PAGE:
Side effects include diarrhoea, abdominal discomfort, cough, shallow breathing, fever or chills, sleepiness, anxiety, depression, dizziness, headache.

Alternatives: several well-researched nutritional options are available that avoid M side effects and are clinically as effective.

Second-line treatment options

Gonadotropins

Gonadotropins are hormones that directly affect how ovaries function and follicle-stimulating hormone (FSH) is the usual choice when:

  1. First-line oral options are unsuccessful due to resistance to anti-oestrogens
  2. If CC thins the womb lining to the point that implantation is unrealistic

Various forms of FSH are available, but they’re expensive and only available with specialist support.

Their clinical use is challenging as responses are unpredictable. Hence, monitoring is essential, and a cancellation policy occurs when three 14mm follicles develop to prevent OHSS. A low dose “step-up” regime is considered best practice to avoid multiple pregnancies and maintain safety.

There is debate on whether low dose FSH is a viable first-line option to CC, and some authors suggest M alongside FSH increases ovulation, pregnancy, and live birth rates.  

Side effects include a significant risk of OHSS and multiple pregnancies, bloating, breathlessness, anxiety, confusion, headache, pelvic pain, nausea, and vaginal bleeding.

Ovarian drilling 

Laparoscopic ovarian drilling (LOD) involves surgery to rupture multiple large follicles on ovaries. It’s a successful alternative to FSH for women resistant to antioestrogens (CC), and there are various advantages and disadvantages:

Advantages Disadvantages
Repeated one egg cycles follow surgery Requires a general anaesthetic 
Avoids thinning of the womb lining (CC) Risk of post-op adhesions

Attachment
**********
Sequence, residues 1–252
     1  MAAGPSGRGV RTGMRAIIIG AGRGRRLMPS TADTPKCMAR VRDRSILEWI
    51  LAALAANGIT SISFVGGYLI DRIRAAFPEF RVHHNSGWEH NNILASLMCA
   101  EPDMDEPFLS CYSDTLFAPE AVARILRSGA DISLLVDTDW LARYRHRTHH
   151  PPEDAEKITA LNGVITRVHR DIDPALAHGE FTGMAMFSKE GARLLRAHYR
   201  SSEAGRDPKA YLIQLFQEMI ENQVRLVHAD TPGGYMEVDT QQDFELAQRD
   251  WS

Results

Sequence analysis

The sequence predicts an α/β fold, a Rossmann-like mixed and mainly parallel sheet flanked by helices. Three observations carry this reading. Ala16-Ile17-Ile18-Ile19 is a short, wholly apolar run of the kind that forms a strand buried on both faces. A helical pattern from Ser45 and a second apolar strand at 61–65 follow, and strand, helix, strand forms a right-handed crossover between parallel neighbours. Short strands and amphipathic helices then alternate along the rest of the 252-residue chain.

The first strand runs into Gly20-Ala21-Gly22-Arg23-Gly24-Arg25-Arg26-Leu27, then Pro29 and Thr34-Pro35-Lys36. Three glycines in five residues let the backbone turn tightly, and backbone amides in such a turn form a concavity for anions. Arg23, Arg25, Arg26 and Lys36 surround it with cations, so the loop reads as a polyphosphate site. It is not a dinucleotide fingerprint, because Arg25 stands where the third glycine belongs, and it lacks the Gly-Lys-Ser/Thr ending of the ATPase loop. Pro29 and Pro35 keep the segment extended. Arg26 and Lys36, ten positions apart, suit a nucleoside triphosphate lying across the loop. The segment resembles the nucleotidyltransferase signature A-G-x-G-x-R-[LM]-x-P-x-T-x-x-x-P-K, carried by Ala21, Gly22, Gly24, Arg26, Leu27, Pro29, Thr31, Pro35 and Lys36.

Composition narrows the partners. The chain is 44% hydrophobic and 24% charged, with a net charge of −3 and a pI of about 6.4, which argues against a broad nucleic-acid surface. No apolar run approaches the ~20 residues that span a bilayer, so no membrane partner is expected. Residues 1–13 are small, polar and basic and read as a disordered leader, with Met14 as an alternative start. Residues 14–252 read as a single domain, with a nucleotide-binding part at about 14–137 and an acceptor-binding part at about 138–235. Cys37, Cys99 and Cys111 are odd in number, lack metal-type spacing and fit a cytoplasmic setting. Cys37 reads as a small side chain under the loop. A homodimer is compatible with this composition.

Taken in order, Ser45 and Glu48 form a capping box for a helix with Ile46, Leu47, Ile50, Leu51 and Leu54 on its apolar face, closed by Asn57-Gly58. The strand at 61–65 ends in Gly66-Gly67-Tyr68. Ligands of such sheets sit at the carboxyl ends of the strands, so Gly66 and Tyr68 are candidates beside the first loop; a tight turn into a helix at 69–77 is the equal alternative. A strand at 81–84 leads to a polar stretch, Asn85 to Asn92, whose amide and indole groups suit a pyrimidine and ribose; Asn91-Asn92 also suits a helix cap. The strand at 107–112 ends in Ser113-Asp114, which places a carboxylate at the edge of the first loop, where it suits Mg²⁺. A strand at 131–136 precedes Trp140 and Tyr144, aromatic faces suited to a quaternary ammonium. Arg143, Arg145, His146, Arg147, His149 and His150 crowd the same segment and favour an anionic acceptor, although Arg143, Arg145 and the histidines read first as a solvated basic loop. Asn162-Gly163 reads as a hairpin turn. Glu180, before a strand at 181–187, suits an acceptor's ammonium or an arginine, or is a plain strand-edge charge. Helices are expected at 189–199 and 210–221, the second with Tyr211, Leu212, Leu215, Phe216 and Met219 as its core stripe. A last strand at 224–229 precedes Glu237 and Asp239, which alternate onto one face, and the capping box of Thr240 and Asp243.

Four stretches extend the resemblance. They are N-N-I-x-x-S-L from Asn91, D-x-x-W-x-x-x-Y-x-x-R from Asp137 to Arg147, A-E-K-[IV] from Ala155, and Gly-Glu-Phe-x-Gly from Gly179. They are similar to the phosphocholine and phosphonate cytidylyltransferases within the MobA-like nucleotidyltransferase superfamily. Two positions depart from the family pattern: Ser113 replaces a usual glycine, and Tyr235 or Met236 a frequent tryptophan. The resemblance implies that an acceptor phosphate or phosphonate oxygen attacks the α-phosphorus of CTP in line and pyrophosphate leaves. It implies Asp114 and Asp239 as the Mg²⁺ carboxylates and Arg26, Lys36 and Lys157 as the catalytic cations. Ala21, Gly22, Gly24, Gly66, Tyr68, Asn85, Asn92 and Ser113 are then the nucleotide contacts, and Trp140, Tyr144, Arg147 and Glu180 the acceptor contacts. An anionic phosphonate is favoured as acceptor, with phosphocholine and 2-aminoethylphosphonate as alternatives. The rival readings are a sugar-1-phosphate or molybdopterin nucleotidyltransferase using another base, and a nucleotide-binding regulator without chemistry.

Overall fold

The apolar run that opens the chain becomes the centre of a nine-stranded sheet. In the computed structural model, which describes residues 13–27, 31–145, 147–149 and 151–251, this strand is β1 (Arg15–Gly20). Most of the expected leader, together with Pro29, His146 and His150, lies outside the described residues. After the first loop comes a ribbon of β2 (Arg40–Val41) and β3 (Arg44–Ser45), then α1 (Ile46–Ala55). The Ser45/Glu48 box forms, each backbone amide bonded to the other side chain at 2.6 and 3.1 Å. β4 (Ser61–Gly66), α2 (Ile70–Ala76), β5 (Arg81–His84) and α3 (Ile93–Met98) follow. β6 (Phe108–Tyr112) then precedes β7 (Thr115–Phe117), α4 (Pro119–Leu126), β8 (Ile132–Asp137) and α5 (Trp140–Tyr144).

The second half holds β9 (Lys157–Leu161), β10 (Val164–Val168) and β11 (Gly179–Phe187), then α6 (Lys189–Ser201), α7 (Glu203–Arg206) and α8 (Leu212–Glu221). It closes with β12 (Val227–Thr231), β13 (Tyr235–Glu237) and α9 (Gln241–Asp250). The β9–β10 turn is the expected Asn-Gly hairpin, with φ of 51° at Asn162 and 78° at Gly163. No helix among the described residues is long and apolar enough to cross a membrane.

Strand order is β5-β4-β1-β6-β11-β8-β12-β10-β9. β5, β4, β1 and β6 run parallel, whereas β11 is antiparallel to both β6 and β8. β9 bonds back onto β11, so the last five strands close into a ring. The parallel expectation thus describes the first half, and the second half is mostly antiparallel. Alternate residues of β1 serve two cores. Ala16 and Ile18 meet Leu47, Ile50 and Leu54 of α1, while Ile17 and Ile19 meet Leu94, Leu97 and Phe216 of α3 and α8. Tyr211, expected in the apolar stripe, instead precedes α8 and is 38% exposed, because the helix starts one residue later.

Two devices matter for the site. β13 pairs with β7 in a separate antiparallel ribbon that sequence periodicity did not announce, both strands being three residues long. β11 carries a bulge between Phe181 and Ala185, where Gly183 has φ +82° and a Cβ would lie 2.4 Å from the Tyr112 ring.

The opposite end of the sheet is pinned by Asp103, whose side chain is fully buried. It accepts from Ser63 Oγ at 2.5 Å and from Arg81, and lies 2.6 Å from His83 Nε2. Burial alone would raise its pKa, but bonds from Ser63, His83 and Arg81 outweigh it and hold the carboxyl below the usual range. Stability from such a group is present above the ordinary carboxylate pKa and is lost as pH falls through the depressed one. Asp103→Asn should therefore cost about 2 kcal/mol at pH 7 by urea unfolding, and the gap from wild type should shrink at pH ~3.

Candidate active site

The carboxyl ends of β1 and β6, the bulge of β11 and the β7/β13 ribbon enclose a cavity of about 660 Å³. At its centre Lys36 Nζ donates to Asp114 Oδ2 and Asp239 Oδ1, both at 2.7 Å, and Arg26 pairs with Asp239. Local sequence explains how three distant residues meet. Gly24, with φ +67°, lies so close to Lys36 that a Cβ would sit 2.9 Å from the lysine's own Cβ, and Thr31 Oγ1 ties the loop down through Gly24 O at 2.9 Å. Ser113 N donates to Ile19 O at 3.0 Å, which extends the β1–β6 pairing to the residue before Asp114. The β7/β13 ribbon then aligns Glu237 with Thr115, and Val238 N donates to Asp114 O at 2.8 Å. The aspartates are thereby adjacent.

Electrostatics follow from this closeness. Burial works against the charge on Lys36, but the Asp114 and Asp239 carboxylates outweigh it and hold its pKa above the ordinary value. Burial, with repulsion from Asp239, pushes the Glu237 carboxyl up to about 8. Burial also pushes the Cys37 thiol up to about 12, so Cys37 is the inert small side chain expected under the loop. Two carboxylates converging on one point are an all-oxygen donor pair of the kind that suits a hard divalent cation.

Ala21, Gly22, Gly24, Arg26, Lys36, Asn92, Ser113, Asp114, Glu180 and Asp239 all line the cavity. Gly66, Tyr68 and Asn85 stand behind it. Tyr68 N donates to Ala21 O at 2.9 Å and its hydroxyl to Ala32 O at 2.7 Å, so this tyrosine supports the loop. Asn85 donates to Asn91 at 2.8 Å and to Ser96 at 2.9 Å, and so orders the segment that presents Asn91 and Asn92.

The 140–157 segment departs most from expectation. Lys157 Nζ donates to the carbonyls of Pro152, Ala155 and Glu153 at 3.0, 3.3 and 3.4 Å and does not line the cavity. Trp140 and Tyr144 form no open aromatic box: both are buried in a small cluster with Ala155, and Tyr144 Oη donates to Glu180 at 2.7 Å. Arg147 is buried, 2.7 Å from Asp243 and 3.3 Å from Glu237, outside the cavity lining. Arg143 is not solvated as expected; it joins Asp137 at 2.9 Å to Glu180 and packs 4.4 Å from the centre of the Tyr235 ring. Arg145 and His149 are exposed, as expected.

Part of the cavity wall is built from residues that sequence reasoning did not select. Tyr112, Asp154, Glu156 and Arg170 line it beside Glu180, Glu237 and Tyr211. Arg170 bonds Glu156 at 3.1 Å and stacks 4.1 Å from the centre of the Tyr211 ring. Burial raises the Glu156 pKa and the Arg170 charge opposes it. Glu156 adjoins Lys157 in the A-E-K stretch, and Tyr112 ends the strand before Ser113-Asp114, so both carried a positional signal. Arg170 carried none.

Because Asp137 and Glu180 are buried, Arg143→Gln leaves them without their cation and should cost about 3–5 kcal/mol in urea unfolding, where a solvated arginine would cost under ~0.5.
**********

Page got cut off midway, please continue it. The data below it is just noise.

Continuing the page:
Avoids reduction of fertile mucus (CC) Risk of earlier premature ovarian failure
Raises pregnancy and birth rates Risk of complications from the operation, especially for obese and overweight women
Normalises LH and androgens 
Significantly lower miscarriage rates (CC & L)

Research reports widely varying pregnancy rates, but overall, they’re probably similar to FSH but with less risk of multiple pregnancy or OHSS. The surgery is subtle and only experienced laparoscopic surgeons should perform it.  

Third-line treatment options

IVF 

Although in-vitro-fertilization (IVF) is a very effective treatment option, it involves significant challenges for women with PCOS:

  • High risk of OHSS
  • Increased risk of multiple births
  • Accelerated maturation of the womb lining
  • High costs
  • Variable access to treatment

If IVF is chosen, a GnRH agonist protocol (rather than the long agonist protocol) significantly reduces the risk of OHSS. Additionally, using metformin alongside IVF reduces the risk of OHSS, making it safer for women with PCOS to have IVF, as does the decision to freeze all eggs from a stimulation cycle and use them selectively later.

IVM

In-vitro-maturation involves retrieving immature eggs from unstimulated (or low stimulated) ovaries. Reports of pregnancy rates vary markedly, and low egg quality and implantation issues may play a part, and IVM is a specialist treatment that’s only offered by specialist centres.